Last week, I attended the Legal Services Corporation’s Innovations in Technology Conference in Phoenix, AZ, along with nearly 600 professionals in legal services and legal tech.

With the pandemic spurring a major shift to remote pro bono engagement, we’ve seen exciting program innovation that has brought significant benefits to attorneys, legal service organizations, and pro bono clients. But we also know that this is an ongoing process: Continuous learning and iteration is needed on ways that technology can support the provision of high-quality, client-centered pro bono legal services — including in a virtual, asynchronous setting. Innovative tech tools and tech-enabled programs, efficiency in legal aid workflows, and accessibility for clients and volunteers were major focus areas of the conference.

Here are my 3 key takeaways from one such ITC23 session, “Engaging Remote Pro Bono Attorneys:”

  1. Balance Remote v In-Person: Technology solutions can help provide the “how” — infrastructure for running a remote program — but they can’t provide the “why” — the personal motivations and connections that drive attorney engagement in pro bono. One example shared during the session was a pilot “legal triage” program in two cities: In the program, technology powered a system by which legal aid and the private bar collaborated to refer pro bono cases to already-trained attorneys in key areas. One lesson learned was that in-person communication remains invaluable for strengthening connections, particularly in a mostly-virtual program. Recommendations included having the legal service coordinator meet with law firm champions in-person annually, and champions committing to meeting with volunteers in-person when handing off pro bono cases. Relationship-building is key to success when cultivating and maintaining a volunteer pipeline.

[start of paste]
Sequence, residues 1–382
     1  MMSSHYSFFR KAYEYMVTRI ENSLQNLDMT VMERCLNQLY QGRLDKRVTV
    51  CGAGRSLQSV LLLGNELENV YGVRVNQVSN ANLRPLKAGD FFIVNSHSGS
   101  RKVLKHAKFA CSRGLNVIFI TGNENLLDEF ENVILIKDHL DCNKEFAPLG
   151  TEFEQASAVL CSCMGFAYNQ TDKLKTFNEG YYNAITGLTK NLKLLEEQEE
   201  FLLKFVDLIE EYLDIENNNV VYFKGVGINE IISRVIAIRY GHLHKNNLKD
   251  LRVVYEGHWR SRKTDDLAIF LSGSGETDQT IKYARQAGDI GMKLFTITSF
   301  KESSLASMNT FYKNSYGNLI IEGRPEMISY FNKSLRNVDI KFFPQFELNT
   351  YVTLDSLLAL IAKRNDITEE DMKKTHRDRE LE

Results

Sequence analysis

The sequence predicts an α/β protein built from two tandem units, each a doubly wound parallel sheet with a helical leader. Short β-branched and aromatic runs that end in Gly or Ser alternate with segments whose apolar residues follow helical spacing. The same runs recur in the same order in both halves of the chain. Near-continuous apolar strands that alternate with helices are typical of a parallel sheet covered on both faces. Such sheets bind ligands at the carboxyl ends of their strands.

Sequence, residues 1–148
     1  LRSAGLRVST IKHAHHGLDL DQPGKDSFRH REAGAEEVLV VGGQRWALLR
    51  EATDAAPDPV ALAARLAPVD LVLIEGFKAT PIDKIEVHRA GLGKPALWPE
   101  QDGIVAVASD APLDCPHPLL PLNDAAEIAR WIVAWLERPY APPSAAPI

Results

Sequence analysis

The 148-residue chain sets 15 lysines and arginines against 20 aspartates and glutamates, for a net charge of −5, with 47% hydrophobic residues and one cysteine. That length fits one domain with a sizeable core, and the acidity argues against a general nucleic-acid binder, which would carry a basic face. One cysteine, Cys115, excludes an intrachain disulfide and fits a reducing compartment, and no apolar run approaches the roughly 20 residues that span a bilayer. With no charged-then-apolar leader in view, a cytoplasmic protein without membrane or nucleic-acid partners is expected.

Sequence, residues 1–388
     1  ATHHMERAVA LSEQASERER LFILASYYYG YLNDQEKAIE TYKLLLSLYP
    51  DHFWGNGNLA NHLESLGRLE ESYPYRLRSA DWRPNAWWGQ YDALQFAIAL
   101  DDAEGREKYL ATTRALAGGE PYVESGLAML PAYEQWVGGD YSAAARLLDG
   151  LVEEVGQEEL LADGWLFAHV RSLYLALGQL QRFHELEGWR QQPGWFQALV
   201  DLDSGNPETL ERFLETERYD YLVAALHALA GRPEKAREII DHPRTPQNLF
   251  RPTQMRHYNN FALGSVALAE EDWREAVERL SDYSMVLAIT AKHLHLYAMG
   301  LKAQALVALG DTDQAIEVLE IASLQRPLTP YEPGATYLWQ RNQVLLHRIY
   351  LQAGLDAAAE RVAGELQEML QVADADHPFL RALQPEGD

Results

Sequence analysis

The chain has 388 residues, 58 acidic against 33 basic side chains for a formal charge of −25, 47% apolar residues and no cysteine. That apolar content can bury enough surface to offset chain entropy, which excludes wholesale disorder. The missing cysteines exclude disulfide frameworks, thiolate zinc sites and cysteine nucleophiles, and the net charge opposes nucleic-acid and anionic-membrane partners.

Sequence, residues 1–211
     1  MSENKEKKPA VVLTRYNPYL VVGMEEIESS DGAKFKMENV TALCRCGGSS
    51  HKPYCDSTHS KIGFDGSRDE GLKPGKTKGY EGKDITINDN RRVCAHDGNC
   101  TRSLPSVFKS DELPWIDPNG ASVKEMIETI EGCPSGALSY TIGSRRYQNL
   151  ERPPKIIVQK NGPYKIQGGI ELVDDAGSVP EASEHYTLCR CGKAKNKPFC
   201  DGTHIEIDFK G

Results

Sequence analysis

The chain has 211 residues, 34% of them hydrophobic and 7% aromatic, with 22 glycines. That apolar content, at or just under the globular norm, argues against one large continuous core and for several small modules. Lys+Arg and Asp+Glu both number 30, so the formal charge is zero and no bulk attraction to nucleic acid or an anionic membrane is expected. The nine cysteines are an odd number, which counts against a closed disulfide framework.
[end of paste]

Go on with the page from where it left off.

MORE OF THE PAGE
2. Leverage Technology to Reach Emeritus Attorneys: 46 states have an “Emeritus Attorney” program that allows semi-retired attorneys to engage in pro bono practice with reduced or no-cost registration, and earn CLE credit for pro bono work. Remote-friendly projects can be perfect for these senior attorneys, who may be looking for ways to remain engaged with legal work while enjoying the freedom to travel or spend winter in a warm climate. To accommodate varying levels of comfort with new technology adoption, think through which tools are necessary and which might be optional. LSOs can take advantage of the emeritus attorneys’ capacity to regularly staff a helpline or virtual clinic, or the flexibility to jump in as needed.
  3. Use Tech Tools to Offer Support: Tech tools can help LSOs create an online training library where volunteers can self-serve at their convenience and delve into areas of interest. A mix of asynchronous, virtual training opportunities and hands-on remote learning keeps volunteers engaged. Pro bono volunteers also value the opportunity to learn from legal service attorneys who are experts in the subject matter. With the advent of Zoom court and virtual clinics, having a volunteer attorney shadow an experienced lawyer is easier than ever. Building an attorney’s pro bono capacity and comfort in new areas of the law lays the foundation for a skilled, committed volunteer pool that can be called upon to serve clients in need — all without leaving their office.

By designing pro bono projects that are flexible and virtual, reaching attorneys at different career stages, and maintaining a personal touch, legal service organizations can leverage technology to build volunteer pipelines, engage and train pro bono attorneys, and increase organizational capacity to serve more clients.

ITC23: 3 Key Takeaways on Engaging Remote Pro Bono Attorneys was originally published in Paladin on Medium, where people are continuing the conversation by highlighting and responding to this story.